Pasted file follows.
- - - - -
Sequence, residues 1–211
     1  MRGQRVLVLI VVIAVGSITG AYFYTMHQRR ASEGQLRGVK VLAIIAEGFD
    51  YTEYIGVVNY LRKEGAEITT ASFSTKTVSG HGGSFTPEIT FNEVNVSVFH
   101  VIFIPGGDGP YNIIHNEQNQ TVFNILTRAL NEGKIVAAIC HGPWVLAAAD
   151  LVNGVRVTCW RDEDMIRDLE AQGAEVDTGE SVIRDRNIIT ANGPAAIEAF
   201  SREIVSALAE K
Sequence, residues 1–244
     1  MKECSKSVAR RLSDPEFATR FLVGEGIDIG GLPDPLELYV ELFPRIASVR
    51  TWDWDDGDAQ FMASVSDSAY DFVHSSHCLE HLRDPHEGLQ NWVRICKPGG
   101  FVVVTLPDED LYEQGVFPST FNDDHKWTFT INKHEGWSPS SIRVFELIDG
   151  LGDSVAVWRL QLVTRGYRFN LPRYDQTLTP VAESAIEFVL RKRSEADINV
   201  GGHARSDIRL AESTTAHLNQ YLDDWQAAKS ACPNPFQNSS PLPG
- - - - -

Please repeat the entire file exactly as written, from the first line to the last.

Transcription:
Sequence, residues 1–211
     1  MRGQRVLVLI VVIAVGSITG AYFYTMHQRR ASEGQLRGVK VLAIIAEGFD
    51  YTEYIGVVNY LRKEGAEITT ASFSTKTVSG HGGSFTPEIT FNEVNVSVFH
   101  VIFIPGGDGP YNIIHNEQNQ TVFNILTRAL NEGKIVAAIC HGPWVLAAAD
   151  LVNGVRVTCW RDEDMIRDLE AQGAEVDTGE SVIRDRNIIT ANGPAAIEAF
   201  SREIVSALAE K
Sequence, residues 1–244
     1  MKECSKSVAR RLSDPEFATR FLVGEGIDIG GLPDPLELYV ELFPRIASVR
    51  TWDWDDGDAQ FMASVSDSAY DFVHSSHCLE HLRDPHEGLQ NWVRICKPGG
   101  FVVVTLPDED LYEQGVFPST FNDDHKWTFT INKHEGWSPS SIRVFELIDG
   151  LGDSVAVWRL QLVTRGYRFN LPRYDQTLTP VAESAIEFVL RKRSEADINV
   201  GGHARSDIRL AESTTAHLNQ YLDDWQAAKS ACPNPFQNSS PLPG